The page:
One of the United States’ key national gay lobby groups The Human Rights Campaign [HRC]has thrown its weight behind the John Kerry Presidential campaign.

From voting against the Defense of Marriage Act to actively opposing -˜Don’t Ask, Don’t Tell,’ John Kerry is a true leader for our community, HRC President Cheryl Jacques said.

Just six months into his first Senate term in 1985, he introduced a gay civil rights bill. His aggressive support for our community continued unabated for the years that followed, demonstrated time and again by perfect HRC ratings on GLBT issues in Congress.

Although the Democrat Senator has a long track record on gay and lesbian issues he has recently made clear that he is not a supporter of same sex marriage. He rejects President Bush’s proposed constitutional amendment to ban same sex marriage, but earlier this year he expressed cautious support for a similar amendment in his home state of Massachusetts.

If the Massachusetts Legislature crafts an appropriate amendment that provides for partnership and civil unions, then I would support it, and it would advance the goal of equal protection, Kerry told the Boston Globe, adding that a parallel system for same-sex partnerships would have to be part of any potential amendment. I think that you need to have civil union. That’s my position.

In 1996, Sen. Kerry was one of only 14 senators, and the only up for re-election, to cast a vote against the discriminatory Defense of Marriage Act. He also testified in front of a Senate committee in 1993 against the policy that prohibits military service by openly gay, lesbian and bisexual Americans known as Don’t Ask, Don’t Tell.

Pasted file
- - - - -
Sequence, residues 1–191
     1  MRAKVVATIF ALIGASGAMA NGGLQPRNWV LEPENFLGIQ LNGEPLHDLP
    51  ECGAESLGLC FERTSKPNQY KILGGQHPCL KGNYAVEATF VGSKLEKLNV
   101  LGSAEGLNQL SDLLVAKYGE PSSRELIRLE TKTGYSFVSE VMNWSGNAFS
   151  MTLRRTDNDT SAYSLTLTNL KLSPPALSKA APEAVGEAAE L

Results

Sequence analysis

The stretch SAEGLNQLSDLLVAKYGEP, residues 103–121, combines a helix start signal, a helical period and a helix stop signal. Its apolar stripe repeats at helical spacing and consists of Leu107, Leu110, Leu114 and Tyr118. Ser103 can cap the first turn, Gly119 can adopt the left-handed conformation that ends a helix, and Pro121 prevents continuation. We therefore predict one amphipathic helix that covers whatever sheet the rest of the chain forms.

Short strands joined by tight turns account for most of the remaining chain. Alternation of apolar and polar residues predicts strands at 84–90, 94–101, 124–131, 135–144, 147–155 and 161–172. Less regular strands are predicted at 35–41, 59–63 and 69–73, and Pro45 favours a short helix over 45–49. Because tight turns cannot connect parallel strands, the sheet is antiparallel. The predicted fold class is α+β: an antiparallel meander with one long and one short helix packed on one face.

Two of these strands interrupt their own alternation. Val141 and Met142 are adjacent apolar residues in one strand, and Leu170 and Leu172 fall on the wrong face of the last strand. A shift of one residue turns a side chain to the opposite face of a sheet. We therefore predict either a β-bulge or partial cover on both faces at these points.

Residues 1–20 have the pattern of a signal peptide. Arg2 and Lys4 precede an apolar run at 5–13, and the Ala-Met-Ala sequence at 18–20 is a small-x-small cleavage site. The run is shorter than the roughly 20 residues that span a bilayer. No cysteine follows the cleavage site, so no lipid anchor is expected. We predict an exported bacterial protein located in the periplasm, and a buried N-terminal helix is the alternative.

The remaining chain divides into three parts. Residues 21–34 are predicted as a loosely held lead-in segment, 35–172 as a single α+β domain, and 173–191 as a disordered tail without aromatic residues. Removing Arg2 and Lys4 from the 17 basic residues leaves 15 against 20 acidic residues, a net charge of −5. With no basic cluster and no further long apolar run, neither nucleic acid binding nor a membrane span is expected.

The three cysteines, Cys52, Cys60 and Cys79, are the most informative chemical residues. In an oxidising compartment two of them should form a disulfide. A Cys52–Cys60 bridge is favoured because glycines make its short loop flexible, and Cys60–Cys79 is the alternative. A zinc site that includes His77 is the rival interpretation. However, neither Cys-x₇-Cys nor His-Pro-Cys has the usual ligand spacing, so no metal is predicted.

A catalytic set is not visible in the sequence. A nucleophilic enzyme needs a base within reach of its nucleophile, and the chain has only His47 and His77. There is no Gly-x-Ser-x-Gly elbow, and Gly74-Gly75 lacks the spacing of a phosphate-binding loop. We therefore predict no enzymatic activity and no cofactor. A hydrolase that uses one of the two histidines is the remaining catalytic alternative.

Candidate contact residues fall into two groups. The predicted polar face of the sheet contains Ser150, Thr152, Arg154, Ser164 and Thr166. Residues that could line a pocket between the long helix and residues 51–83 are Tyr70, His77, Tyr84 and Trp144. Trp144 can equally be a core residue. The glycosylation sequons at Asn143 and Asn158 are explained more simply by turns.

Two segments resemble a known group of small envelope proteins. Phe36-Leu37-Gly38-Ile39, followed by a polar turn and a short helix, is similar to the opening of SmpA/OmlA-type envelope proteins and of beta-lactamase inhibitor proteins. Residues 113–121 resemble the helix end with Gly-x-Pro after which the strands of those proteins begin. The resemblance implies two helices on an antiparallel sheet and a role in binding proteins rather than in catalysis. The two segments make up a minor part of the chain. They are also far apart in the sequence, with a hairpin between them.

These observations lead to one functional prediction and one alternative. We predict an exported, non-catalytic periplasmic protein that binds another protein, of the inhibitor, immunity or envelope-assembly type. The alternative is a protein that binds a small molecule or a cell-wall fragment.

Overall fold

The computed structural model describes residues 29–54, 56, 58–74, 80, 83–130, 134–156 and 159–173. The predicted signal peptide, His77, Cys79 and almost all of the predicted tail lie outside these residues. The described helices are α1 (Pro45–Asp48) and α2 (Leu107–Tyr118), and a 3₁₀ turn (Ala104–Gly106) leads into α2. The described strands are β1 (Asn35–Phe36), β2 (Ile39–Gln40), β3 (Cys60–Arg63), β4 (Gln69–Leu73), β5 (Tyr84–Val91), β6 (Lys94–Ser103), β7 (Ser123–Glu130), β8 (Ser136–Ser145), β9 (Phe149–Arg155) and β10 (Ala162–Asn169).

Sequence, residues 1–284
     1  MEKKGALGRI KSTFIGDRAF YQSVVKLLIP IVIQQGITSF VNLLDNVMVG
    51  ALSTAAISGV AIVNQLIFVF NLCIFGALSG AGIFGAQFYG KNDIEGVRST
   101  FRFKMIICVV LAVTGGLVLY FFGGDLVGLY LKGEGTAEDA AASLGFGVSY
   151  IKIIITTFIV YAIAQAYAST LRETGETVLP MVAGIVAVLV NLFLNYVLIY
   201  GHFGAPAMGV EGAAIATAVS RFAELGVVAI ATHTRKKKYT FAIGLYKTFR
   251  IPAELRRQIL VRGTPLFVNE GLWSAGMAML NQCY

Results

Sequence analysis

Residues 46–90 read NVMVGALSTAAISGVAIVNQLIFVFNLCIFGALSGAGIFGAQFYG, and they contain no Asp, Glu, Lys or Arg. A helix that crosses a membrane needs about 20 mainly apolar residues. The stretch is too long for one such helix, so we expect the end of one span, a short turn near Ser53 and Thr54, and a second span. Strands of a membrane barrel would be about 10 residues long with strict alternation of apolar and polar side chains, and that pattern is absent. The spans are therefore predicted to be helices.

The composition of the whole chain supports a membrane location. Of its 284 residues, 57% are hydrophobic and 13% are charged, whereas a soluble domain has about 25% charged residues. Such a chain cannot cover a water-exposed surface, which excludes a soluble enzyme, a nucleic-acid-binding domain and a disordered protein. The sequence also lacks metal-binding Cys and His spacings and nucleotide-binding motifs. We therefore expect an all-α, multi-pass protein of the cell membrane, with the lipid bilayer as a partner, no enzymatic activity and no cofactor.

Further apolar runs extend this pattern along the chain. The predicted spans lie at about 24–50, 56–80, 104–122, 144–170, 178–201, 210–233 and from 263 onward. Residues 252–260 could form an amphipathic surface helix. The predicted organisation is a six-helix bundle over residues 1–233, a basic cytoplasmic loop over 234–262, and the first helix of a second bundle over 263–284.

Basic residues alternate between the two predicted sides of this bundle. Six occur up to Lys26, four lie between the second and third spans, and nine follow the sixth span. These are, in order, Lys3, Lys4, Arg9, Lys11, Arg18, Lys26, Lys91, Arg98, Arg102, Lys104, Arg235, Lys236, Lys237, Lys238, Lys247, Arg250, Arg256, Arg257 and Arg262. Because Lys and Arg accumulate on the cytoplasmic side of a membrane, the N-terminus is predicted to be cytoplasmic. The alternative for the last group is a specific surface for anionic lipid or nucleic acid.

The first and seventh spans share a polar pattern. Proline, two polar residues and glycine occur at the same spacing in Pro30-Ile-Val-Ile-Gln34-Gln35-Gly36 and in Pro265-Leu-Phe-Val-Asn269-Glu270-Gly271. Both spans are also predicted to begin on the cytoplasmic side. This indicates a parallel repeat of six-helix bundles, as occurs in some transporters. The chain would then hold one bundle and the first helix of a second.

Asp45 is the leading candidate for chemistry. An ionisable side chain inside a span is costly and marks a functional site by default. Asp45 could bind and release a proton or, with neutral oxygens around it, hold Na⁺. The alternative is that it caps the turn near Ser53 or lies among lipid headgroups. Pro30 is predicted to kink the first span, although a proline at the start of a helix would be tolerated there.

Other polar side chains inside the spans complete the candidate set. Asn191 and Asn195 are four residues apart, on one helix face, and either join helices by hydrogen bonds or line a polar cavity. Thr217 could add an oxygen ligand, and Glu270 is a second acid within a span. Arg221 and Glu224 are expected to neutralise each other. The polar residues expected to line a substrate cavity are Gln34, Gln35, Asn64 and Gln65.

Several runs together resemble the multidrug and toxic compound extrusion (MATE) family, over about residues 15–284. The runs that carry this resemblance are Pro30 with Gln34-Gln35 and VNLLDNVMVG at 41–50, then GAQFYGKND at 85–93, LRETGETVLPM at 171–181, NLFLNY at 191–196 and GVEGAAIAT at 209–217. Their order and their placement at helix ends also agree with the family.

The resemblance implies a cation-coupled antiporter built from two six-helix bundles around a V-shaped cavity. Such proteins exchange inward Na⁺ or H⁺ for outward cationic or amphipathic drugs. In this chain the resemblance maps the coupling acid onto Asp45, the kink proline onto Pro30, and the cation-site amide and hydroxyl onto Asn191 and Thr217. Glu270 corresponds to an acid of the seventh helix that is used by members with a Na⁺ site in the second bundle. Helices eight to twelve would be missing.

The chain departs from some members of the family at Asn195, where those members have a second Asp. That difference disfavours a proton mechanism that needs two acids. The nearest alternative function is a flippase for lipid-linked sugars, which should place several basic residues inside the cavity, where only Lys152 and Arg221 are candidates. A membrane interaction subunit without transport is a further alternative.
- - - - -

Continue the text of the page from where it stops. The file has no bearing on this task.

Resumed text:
However the HRC endorsement has not been welcomed by all gay and lesbian leaders. His stand on same sex marriage is a problem for people like Geoffrey Kors, the executive director of Equality California, an organization working for full equality for GLBT Californians.

It is very disappointing he has indicated he would support a state amendment to the Massachusetts Constitution to overturn the historic Goodrich decision [legalizing same-sex marriage] and for the first time to write discrimination against a group of people into his home state’s constitution, Kors told .

However HRC’s Jacques says her organization is prepared to live with Kerry’s stand on the issue.

While we disagree with Senator Kerry on the issue of marriage for same-sex couples, he is firmly opposed to the Federal Marriage Amendment, which would deny our community equality for generations. His opposition stands in stark contrast to President Bush, who has not only endorsed the amendment but is one of its chief advocates, Jacques said.

Kerry responded enthusiastically to the endorsement.

I want to thank HRC for its endorsement. We have worked together on so many battles and we still have many challenges ahead of us. I know that America finds its strength in the diversity of this great country. I have worked for than 20 years to make sure that LGBT Americans are treated with dignity in our society and equality in our laws. That fight is not over and I will be there for the fights in the future, Kerry said.

Kerry is a co-sponsor of the Employment Non-Discrimination Act, which would prohibit workplace discrimination based on sexual orientation, and voted for the bill in 1996. In his Senate office, Kerry has a policy prohibiting discrimination against gay, lesbian, bisexual and transgender people.

The HRC decision was made by its board of directors based on the candidate’s support for gay, lesbian, bisexual and transgender equality, demonstrated leadership and his viability to win in the election scheduled for November.

More: An interview with Kerry on GLBT issues

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